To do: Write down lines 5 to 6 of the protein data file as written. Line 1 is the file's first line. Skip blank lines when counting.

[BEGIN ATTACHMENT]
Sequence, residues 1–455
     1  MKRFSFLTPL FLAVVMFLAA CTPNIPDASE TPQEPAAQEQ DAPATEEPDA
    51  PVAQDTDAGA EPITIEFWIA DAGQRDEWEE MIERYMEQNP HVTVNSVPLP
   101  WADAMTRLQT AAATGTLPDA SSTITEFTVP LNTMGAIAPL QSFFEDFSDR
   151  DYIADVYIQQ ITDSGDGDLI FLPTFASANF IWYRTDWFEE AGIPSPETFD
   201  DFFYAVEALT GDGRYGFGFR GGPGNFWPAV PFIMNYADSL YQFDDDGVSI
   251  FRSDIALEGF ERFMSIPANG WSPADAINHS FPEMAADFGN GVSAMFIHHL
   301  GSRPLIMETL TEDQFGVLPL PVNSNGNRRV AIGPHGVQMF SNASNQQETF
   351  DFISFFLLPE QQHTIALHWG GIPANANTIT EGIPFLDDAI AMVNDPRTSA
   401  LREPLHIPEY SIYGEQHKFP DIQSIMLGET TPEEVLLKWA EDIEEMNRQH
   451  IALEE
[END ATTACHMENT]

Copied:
   151  DYIADVYIQQ ITDSGDGDLI FLPTFASANF IWYRTDWFEE AGIPSPETFD
   201  DFFYAVEALT GDGRYGFGFR GGPGNFWPAV PFIMNYADSL YQFDDDGVSI